Saturday, April 18, 2020

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Friday, March 6, 2020

Turning Breast Cancer Cells Into Fat Cells to Prevent Metastasis

Tuesday, October 22, 2019

The Cash Surrender Value of Life Insurance Policies

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Based in Atlanta, Georgia, Eugene E. Houchins III is an accomplished insurance expert with an engineering background. Eugene E. Houchins III is president of the American Life Fund Corporation, which focuses on life insurance liquidation. In this role, he helps life insurance policy holders who have serious illnesses to access finances for medical expenses.

When a policyholder liquidates a whole life insurance policy, they receive a cash surrender value--the funds that are paid out if a policy is terminated before its official maturity date. Cash surrender value is calculated based on the amount of savings that have been invested into a life insurance policy. The longer a policyholder has contributed to the policy, the higher cash surrender value. Additionally, the amount of dividends, interest, and capital gains that have been earned by the policy also determine its cash surrender value.

Loans and taxes can impact the cash surrender value of a whole life insurance policy: In some instances, policyholders can use the cash value of their policy as collateral for taking out loans. If loans remain unpaid when the policy is liquidated, the outstanding loan principal and interest are deducted from the policy’s cash surrender value. Tax issues can also arise, as any dividends paid into the policy are taxable when the policy is surrendered.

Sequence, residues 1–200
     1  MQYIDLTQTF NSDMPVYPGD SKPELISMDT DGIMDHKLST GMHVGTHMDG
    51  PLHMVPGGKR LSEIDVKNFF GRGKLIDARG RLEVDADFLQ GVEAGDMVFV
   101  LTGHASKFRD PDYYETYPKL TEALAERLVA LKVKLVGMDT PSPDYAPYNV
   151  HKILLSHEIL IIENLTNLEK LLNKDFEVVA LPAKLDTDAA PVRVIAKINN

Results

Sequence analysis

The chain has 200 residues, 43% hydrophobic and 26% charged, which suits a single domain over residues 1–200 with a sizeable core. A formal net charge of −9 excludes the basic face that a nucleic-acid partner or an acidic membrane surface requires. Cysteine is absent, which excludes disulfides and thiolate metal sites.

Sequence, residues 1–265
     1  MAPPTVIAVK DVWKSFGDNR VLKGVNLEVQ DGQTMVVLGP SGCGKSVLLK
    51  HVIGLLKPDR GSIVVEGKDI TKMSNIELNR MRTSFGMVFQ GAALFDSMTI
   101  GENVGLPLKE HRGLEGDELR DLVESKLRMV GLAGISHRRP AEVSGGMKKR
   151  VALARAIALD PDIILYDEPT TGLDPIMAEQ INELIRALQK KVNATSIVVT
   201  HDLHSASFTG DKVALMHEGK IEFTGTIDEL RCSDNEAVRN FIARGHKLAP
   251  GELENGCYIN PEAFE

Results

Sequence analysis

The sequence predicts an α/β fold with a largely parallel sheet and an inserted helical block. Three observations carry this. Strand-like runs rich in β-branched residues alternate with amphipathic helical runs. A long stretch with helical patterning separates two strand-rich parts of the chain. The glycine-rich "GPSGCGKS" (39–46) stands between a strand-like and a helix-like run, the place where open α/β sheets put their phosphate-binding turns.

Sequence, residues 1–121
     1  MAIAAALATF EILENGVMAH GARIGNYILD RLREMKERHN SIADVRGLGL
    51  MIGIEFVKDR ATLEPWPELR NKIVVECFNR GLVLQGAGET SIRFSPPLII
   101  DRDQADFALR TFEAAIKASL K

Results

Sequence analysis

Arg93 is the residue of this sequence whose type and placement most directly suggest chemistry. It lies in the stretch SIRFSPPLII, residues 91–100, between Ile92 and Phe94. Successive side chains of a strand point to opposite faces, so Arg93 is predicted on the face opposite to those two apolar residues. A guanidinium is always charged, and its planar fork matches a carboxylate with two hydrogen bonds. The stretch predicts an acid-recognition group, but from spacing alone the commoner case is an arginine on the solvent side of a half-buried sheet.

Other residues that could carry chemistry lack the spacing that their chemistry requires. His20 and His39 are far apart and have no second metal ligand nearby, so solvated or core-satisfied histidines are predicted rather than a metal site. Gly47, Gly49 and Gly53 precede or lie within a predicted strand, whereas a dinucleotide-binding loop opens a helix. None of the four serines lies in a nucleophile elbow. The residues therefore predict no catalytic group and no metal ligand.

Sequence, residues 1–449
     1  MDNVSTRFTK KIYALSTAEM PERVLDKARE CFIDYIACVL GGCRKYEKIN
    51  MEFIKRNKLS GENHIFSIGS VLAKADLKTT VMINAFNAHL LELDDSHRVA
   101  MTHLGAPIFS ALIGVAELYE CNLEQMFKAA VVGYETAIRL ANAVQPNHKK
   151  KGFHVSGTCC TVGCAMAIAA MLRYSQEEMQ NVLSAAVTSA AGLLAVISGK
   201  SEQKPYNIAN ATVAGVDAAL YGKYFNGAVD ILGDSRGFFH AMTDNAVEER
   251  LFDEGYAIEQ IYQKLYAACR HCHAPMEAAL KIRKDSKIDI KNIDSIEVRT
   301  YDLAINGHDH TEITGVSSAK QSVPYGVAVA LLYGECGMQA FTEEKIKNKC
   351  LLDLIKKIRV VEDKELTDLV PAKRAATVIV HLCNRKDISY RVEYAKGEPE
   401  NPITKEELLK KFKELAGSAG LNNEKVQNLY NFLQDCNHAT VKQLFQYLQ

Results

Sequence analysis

Thursday, June 6, 2019

Three Factors That Influence the Value of Your Life Insurance Policy

Since 2013, Eugene E. Houchins III has served as the president and founder of American Life Fund Corp, based in Georgia. Through his business, Eugene Houchins helps clients who need to sell or take out a loan on their existing life insurance policies.

Knowing what your life insurance policy is worth is hugely beneficial. Not only does it help with estate planning, it also enables you to gift the policy to someone else, sell it to a third-party, or take out a loan against it. However, there are many factors affecting the value of your policy that determining this value is difficult. The following is a brief overview of some of these factors:

Premium cost

If you plan on selling your insurance policy, the investor or buyer will be responsible for paying the premiums on the policy until you pass away. For this reason, a great deal of value is placed on policies with smaller premiums. Since buyers have to pay less for the remainder of these policies, they can often enjoy a larger return on their investment.

Policy size

While a small policy can sometimes be sold, greater value is placed on larger policies. The death benefit of your policy goes to whomever owns the policy. Assuming you’ve sold the policy, the buyer is the one who receives the payout. In many cases, your policy isn’t even eligible for purchase unless it has a death benefit of at least $100,000.

Life expectancy

This factor may seem strange, but life insurance policies are deemed more valuable if you are older. The reason is that as a policyholder with a shorter life expectancy, you have already lived the majority of your life span and the policy to closer to paying a death benefit, thus benefiting investors more quickly. The typical minimum age to qualify for a life settlement for an average healthy senior is 65 to 70. This age qualification is lower, of course, if chronic or terminal conditions exist.